Saudi underwear overhaul

Saudi Arabia's Labor Ministry will conduct inspections to put lingerie back in the hands of women.


Sarah Elizabeth Richards
March 22, 2006 3:22AM (UTC)

In Saudi Arabia, men are not allowed to eat lunch in public with women to whom they're not related. Yet, for years, they have been able work the counters of lingerie shops -- asking for women's most intimate measurements and educating them on the finer points of different brands of bras and panties. But according to an article in today's Guardian, the Saudi government is now warning shop owners that they must replace all their male employees with women.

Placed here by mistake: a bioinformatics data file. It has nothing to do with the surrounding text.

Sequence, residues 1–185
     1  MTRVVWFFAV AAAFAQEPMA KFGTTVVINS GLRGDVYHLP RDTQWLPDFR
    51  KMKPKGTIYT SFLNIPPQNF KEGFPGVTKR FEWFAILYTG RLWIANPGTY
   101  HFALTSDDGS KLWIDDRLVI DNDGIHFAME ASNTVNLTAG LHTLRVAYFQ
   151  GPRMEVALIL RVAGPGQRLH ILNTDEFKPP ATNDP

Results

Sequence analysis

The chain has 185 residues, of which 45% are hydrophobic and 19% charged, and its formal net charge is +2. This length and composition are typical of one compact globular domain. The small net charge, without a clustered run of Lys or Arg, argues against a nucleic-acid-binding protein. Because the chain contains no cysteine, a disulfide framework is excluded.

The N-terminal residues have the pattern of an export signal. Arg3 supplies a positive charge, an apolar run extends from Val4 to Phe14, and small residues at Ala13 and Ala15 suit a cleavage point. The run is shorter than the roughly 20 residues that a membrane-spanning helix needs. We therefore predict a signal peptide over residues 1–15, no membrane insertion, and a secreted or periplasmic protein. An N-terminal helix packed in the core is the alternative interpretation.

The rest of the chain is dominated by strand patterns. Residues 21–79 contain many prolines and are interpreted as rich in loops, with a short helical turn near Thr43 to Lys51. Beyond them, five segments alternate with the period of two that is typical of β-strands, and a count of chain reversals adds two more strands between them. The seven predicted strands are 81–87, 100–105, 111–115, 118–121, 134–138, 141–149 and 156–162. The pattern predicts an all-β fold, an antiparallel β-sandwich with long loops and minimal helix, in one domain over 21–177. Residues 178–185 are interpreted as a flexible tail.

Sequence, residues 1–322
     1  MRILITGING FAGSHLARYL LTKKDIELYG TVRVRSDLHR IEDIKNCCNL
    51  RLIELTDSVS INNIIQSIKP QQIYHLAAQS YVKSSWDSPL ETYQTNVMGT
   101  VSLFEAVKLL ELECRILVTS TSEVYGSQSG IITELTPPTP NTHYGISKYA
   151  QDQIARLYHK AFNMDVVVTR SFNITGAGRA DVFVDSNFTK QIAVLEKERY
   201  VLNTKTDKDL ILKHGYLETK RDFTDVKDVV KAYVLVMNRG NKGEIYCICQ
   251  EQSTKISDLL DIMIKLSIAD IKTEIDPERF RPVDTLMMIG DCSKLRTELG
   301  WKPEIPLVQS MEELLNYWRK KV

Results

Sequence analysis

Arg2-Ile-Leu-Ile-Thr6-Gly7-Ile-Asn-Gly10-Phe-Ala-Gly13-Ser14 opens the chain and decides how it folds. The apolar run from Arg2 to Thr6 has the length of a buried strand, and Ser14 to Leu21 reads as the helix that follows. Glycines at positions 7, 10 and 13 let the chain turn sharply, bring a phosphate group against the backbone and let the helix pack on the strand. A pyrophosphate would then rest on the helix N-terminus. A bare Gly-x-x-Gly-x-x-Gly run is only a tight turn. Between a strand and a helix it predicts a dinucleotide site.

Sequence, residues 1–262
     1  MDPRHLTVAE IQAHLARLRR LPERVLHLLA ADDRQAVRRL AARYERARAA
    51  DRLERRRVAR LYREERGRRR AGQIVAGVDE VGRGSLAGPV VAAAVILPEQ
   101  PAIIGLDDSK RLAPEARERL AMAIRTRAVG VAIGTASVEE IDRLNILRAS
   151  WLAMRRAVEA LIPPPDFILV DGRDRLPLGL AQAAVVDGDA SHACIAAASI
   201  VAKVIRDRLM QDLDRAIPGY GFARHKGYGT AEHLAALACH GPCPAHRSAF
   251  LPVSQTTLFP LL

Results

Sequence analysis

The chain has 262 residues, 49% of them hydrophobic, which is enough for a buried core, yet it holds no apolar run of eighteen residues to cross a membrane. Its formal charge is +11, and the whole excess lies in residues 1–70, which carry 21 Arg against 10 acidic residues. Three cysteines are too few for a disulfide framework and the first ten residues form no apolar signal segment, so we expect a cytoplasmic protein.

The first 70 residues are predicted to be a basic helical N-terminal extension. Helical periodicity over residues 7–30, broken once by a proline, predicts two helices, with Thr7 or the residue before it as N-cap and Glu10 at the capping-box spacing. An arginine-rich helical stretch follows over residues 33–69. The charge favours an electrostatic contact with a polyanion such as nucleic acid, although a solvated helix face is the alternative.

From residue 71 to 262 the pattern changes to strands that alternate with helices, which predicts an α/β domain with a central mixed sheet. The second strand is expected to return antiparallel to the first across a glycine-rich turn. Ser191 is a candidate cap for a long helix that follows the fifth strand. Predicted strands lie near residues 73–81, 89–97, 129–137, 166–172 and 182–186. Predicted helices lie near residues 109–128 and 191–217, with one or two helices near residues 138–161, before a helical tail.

The move comes after a recent decree from the Saudi government that called for more jobs for women -- and after a survey found that only three of 247 lingerie and beauty product shops in the city of Jeddah currently employed them. The Saudi Labor Ministry says it will be conducting inspections and that the shops that fail to hire women will face fines.

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Of course, once the women are behind the counter, men will no longer be allowed to enter the stores. Maybe it's time to check out the global shipping policies on Maidenform.com?


Sarah Elizabeth Richards

Sarah Elizabeth Richards is a journalist based in New York. She can be reached at sarah@saraherichards.com.

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